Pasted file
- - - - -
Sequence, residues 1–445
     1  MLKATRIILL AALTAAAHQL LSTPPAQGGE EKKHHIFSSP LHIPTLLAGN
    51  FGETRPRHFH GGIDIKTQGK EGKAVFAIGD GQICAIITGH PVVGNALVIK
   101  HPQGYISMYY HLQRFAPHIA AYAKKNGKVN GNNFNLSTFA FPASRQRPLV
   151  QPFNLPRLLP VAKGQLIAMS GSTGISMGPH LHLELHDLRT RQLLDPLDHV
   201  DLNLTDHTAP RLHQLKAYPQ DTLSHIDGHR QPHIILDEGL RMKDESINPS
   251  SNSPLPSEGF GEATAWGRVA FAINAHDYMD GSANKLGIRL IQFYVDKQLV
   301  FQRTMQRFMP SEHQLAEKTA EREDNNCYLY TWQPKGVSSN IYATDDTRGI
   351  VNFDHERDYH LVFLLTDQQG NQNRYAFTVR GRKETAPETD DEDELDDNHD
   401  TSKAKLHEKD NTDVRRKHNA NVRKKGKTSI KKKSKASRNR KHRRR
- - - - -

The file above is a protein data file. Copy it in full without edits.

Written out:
Sequence, residues 1–445
     1  MLKATRIILL AALTAAAHQL LSTPPAQGGE EKKHHIFSSP LHIPTLLAGN
    51  FGETRPRHFH GGIDIKTQGK EGKAVFAIGD GQICAIITGH PVVGNALVIK
   101  HPQGYISMYY HLQRFAPHIA AYAKKNGKVN GNNFNLSTFA FPASRQRPLV
   151  QPFNLPRLLP VAKGQLIAMS GSTGISMGPH LHLELHDLRT RQLLDPLDHV
   201  DLNLTDHTAP RLHQLKAYPQ DTLSHIDGHR QPHIILDEGL RMKDESINPS
   251  SNSPLPSEGF GEATAWGRVA FAINAHDYMD GSANKLGIRL IQFYVDKQLV
   301  FQRTMQRFMP SEHQLAEKTA EREDNNCYLY TWQPKGVSSN IYATDDTRGI
   351  VNFDHERDYH LVFLLTDQQG NQNRYAFTVR GRKETAPETD DEDELDDNHD
   401  TSKAKLHEKD NTDVRRKHNA NVRKKGKTSI KKKSKASRNR KHRRR